Peter Theobald reveals why two hides can be better than one and how to play nicely with others while sharing a hide
There are many advantages in sharing a day’s decoying with a friend, apart from the obvious of having someone help carry all the gear to where you intend to set up, and then get it all back to the car at the end of the day. What I am talking about is sharing the highs and lows of an average day in the field.
You may think people were hanging on your every word when you describe that incredible right and left you pulled off, but in reality, their eyes were probably glazing over, 10 minutes ago. But to have a like-minded friend actually witness the feat, or, more likely, rib you when you make a hash of things, for me, is what pigeon shooting is all about. That is not to say that Paul and I routinely sit together, but if our combined experience of 75 years indicates that there is only one position that is likely to be successful on a field, we have no hesitation in sharing that spot. Where we may differ from other decoyers sharing a situation is that we will look to maximise any opportunities coming our way. This can be achieved in several ways, depending on how birds are co-operating, and which way the wind is blowing. Let me explain.
The first, and unarguable criterion is safety, no pigeon is worth putting up with a dangerous or excitable companion in the hide. You need to know with certainty which bird your partner is going to shoot. The easiest way of doing this is to take it in turns to fire first, the person whose turn it is will call the shot. What this means in practice is, lets say it is my turn to shoot first and a single bird approaches the decoys. Paul will keep right out of the way, allowing me my two shots, should I need them. If, for some inexplicable reason, I should miss, I immediately sit down, leaving Paul to clear up. If two birds approach, we will generally take one each, the person whose turn it is, again, calling the shot.
Obviously, whoever is on the right hand side of the hide takes the right hand bird, sticking to their side of the hide, even if the pigeons cross in flight. Because our timing is so similar, the two birds usually die simultaneously. If three or more birds come in, and it is not my turn to shoot first, I will concentrate on a pigeon at the back of the bunch, hoping it will flare my side when Paul shoots, and knowing he will ignore anything on my side. In this way, threes and fours can be killed in complete safety. We often achieve total wipeout when four birds drop in, but none escape, truly satisfying!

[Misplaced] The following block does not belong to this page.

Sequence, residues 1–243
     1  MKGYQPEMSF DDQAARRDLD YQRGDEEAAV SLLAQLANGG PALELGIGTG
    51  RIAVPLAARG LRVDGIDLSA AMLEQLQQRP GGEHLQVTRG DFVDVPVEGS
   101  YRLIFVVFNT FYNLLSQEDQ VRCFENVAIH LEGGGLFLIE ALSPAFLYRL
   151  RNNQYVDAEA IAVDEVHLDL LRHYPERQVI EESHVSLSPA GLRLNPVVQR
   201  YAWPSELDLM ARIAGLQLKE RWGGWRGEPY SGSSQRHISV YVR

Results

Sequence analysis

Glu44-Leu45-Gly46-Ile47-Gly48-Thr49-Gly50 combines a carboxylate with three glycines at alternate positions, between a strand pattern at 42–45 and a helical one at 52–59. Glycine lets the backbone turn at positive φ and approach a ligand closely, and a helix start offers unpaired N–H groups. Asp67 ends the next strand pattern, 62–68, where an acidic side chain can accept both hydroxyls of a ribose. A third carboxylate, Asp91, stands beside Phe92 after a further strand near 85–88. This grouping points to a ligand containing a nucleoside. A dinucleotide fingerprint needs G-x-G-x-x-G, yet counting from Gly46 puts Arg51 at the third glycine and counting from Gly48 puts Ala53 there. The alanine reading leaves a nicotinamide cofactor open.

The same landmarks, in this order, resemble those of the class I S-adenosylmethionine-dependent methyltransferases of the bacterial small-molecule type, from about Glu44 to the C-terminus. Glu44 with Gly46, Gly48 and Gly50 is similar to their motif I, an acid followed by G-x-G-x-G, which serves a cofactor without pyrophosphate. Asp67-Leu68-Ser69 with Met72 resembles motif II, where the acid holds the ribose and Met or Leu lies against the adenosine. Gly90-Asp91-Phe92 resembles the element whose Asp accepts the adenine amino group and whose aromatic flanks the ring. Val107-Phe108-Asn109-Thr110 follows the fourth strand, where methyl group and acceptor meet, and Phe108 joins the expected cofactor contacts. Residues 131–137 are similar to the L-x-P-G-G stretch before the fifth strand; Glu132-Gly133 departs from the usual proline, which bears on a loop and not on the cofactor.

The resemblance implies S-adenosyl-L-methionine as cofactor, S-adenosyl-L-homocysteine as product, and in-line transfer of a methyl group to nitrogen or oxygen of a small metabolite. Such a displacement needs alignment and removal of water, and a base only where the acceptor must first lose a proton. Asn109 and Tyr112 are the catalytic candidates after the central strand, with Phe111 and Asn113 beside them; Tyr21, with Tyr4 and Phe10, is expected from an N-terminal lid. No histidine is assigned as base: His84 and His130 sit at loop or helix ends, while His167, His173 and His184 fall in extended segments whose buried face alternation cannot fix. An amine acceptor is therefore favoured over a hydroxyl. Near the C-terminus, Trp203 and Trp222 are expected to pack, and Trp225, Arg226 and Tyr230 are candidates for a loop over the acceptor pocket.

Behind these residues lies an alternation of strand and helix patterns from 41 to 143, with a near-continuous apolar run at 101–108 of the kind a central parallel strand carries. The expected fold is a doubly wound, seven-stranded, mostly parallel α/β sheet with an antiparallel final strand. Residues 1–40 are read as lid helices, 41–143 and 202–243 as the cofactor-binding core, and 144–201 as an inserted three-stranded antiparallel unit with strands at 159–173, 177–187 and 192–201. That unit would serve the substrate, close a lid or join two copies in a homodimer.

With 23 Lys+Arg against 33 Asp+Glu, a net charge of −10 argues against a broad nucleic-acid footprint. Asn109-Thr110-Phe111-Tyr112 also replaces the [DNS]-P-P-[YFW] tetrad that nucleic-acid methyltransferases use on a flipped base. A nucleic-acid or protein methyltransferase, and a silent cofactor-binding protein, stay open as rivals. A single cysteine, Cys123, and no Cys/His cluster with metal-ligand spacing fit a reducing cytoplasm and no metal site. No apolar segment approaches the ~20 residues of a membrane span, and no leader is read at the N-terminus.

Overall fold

So how do we build a hide where we can both shoot safely without interfering in the other’s line of sight? If we are sharing a single hide, we will always put a dividing wall between us that is high enough to make it impossible to shoot over the other’s head. But the key ingredient is communication, we constantly tell each other what we are about to do, and when we intend to do it, often shouting for the other to take a shot if it makes a better bird for him. All this works best if the wind is blowing directly from behind, but with co-operation, can be just as deadly in a crosswind. What happens now is whoever is on the downwind side of the hide, needs to leave one or two birds from each flock to pass him, and then engage the next two birds, the first two then flaring in front of his partner. In every situation, we are striving to avoid barrels clashing, because one or the other is shooting at the wrong bird. The old maxim of “better spared than a bird shared”, is one to be observed in a pigeon hide, I don’t think Paul and I have shot at the same bird on more than a handful of occasions in all the years we have shot together.
Two seperate hides
The real advantage of sharing a situation comes when you occupy a hide each, but cover one set of decoys. Again, strict discipline is required, so that you are aware of your partner at all times, but you should be able to arrange things in a way to increase your arc of fire. If the wind is on our back, our hides will be about 40 yards apart with a loose decoy pattern spread evenly between us, meaning the outside edges are almost, but not quite, out of range of the other gun. Anything that heads for the middle of this pattern is usually doomed, being firmly in range of both guns. But there is always the odd bird that skirts the pattern, or flares from the back of a bunch when the other gun shoots first. These birds will offer a shot to whoever is on that side, greatly increasing the size of the bag. Shooting with someone who is instinctively on the same wavelength means the bird you select to shoot will often push other birds over your partner, again, enabling you to take threes and fours from most bunches.
Now we come to the most deadly situation of all, two hides covering one pattern in the centre of the field. You need settled pigeons, or at least birds that have few alternative feeding choices in the area, for it to work well, but that is generally what we look for anyway. I don’t think pigeons say to themselves “I can put up with one hide in the open, but I’m not falling for two!” though we will usually build them smaller, and decorate them with natural foliage to make them less intrusive. The key factor is that we are always able to get the wind on our back, meaning we can create a pattern that funnels the birds right between the two hides often placing the whirly behind us to get them right in. There is nowhere for the pigeons to go once they are committed to the pattern, the end of a big day resembling a warzone, with dead birds strewn round a 50 yard circle of the hides. Definitely a case where two hides are better than one.